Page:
The saying “it takes a village to raise a child” is such an important and powerful proverb, and at the same time, is a complex dynamic in the sense that not only does it take more than one person to raise a child but it takes the right people to raise a child.
As social workers we have the responsibility to be that right person. Social workers who have the privilege of working in the child welfare field will no doubt come into contact with many children, from various backgrounds. Most have experienced severe childhood trauma, abuse and neglect. We will become one of the most influential people in that child’s life and we are responsible for helping them overcome and understand their trauma and shape a positive view of their life moving forward.
Let the Client Tell Their Story in Their Own Way
We must first begin by understanding their trauma from the child’s perspective. We have to let them tell their story at their own pace. Yes, we will be given their case files to review and other historical documents to ponder over but the power of having their story told through their eyes is very important as we are attempting to build a trusting relationship. Furthermore, we have to be sensitive and careful as not to re-traumatize them by forcing the issue when gathering of this information.
For all intents and purposes we will have to build trust and rapport with our young clients but this process will have already started in the assessment phase of practice. We must not forget that those who have neglected or abused these kids were oftentimes those people that they trusted the most. We will need to use active listening skills, be genuine and supportive to help facilitate the trust building process with each child. Most importantly we have to be supportive and nurturing throughout.
Create a Thorough Bio Psycho Social History
Social workers also have to have a deeper understanding of the child’s individual needs. Completing a full and thorough bio psycho social history is paramount in trying to gain that understanding. We also have to secure collateral information that will help us even further to understand their trauma. These important steps will give us facts and pieces of vital information such as past coping skills, past family dynamics, early childhood trauma, and past treatments. By knowing some of these important factors will help us as clinicians in shaping our course of action. It will help us determine who are those who are already providing support and those who need supports. This will also help determine and drive the course of intervention(s) and help us formulate a tailored plan for each individual client.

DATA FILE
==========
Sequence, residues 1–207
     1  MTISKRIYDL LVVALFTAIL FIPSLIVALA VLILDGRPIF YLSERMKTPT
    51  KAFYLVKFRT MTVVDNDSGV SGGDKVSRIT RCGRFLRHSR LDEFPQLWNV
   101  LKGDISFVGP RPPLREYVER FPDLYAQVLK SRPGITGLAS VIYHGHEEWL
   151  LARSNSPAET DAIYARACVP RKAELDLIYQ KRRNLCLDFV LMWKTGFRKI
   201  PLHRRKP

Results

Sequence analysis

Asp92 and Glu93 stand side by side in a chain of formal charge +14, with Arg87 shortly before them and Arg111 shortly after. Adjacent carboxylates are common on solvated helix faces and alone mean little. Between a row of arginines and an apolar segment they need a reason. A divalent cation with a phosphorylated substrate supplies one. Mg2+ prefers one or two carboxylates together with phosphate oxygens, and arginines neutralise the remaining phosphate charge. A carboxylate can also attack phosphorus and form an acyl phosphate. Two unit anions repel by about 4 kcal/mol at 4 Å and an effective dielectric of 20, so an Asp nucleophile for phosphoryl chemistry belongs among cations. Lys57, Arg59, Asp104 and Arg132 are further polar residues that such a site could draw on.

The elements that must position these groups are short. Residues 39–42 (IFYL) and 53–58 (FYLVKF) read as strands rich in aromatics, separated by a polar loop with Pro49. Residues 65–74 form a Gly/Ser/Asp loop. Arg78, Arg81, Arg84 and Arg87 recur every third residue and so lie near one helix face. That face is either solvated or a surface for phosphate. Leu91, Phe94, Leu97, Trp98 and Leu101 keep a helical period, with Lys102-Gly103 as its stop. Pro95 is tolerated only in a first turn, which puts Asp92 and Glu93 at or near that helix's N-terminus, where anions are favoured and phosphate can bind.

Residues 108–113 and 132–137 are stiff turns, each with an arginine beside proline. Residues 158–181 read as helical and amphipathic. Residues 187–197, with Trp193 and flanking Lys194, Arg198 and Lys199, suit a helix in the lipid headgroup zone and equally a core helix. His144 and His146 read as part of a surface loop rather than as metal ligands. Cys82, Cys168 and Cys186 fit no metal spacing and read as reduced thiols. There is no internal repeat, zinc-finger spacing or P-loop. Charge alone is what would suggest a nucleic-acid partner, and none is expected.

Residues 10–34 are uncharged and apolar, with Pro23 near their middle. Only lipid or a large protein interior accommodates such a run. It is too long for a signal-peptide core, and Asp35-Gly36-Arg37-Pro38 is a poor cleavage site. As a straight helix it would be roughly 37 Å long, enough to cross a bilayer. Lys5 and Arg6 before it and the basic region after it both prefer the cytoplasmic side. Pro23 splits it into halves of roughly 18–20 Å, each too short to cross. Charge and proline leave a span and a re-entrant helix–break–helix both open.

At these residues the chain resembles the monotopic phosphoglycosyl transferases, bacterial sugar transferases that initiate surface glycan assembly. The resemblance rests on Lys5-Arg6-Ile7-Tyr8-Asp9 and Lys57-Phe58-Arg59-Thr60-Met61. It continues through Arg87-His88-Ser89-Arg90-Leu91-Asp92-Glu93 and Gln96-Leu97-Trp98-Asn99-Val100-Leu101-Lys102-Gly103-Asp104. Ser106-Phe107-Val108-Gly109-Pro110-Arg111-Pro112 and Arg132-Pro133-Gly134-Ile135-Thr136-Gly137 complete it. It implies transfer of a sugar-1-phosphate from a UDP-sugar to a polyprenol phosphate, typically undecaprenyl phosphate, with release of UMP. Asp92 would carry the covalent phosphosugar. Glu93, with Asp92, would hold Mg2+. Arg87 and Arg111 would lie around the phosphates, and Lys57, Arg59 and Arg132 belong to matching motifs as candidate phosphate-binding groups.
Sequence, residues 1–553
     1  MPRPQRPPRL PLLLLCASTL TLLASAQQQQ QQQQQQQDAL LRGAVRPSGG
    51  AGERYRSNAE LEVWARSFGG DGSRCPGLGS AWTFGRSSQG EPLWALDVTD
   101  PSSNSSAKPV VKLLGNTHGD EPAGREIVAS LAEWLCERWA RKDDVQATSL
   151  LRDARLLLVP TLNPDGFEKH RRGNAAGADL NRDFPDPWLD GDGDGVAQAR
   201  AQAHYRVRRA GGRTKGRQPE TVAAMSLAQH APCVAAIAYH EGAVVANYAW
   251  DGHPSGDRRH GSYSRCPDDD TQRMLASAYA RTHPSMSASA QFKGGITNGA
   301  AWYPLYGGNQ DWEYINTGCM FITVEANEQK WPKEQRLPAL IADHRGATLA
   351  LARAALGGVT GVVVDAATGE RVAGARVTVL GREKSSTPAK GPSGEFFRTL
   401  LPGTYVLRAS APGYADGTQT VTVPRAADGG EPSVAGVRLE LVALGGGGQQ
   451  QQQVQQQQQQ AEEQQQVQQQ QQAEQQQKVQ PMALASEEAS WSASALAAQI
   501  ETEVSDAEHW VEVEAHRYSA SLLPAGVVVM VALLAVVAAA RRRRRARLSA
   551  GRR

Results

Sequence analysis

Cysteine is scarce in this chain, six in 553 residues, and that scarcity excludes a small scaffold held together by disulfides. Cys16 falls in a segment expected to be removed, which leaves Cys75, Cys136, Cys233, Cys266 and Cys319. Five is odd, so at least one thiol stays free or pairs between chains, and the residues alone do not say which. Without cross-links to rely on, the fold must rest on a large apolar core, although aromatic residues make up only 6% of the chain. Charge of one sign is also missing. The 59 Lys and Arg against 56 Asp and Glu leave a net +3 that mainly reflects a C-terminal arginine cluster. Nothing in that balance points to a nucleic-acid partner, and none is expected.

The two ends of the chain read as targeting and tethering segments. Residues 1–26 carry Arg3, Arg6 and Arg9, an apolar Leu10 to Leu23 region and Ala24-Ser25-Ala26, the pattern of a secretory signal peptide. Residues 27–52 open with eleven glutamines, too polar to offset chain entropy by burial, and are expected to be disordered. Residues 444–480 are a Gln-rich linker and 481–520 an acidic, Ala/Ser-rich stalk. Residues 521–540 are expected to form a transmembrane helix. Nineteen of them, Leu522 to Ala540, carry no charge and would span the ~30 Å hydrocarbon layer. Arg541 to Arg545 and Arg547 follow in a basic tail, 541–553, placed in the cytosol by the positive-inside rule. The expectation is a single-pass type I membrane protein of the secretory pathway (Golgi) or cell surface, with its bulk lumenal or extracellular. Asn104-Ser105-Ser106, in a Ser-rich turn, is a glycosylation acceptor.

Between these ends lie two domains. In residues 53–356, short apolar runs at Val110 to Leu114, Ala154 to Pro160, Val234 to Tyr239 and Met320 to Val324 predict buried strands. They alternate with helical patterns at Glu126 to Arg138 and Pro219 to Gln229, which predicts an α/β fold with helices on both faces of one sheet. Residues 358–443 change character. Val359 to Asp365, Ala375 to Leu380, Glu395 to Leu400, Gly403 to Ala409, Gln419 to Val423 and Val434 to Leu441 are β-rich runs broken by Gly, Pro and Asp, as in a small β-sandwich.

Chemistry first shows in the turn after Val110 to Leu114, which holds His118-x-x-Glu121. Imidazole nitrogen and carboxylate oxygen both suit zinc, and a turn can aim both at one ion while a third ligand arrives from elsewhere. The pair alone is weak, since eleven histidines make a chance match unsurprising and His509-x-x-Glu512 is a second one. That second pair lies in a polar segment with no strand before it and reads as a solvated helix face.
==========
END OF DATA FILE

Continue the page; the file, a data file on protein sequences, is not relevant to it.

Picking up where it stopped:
Become the Child’s Advocate
Social workers play many roles in their work with foster kids. We will be mentors and teachers. Social workers will be case managers charged with identifying, locating and linking our kids with services. We have to be cognizant that we will have the most important role of modeling for these kids during our contact with them. We will offer emotional support for the child and for foster parents in many cases. We will be advocates to ensure that our clients have their basic needs met whether it is medical, legal, educational, emotional, housing, or financial. Our responsibility is to assess the child’s level of trauma effects and use our clinical skills in implementing a personalized intervention that utilizes their strengths.
Build a New Support System
Another important process is helping to build the Childs social support system. This will benefit many other individuals involved with the child as well. By helping these individuals in building those informal supports (mentors, other family members, coaches, etc.) you can help the child recognize and utilize these helpers, and make them realize that they can count on other people when they need help. In the younger children you will help facilitate the process of helping to solidify existing bonds with those social supports that are already in the child’s life and strengthen positive relationships that have already been formed.
Be on the Look Out for Other Issues
We must rely on our social work skills to be able to address mental health issues, aging out issues, and the lack of resources for the foster care children as well as foster care parents. There may be behavioral problems, substance abuse issues, and the possibility of further re-victimization to be sensitive of. There is also the difficult tasks of locating appropriate housing for displaced kids as well. Social workers will also have to build a working relationship with an array of professionals such as judges, guardian ad litem, lawyers, and child investigators. Not to mention foster parents, land lords, school support staff, and other important stakeholders.
The importance with working with foster care kids is how to mitigate a wide range of issues such as aggressive behaviors, lack of daily skills, developmental and educational delays, mental health and age appropriate topics. We must also be well versed in navigating many systems that our kids will be in contact with on a daily basis.
So, we can be the positive role models that these children can learn from. We can also be the catalyst in educating and supporting those professionals who work with foster kids, foster parents, and other family members. We can help build up that village that will be a part of that child’s life after we have worked with them. Not only does it take a village to raise a child, it takes the right people in that village to raise a child.
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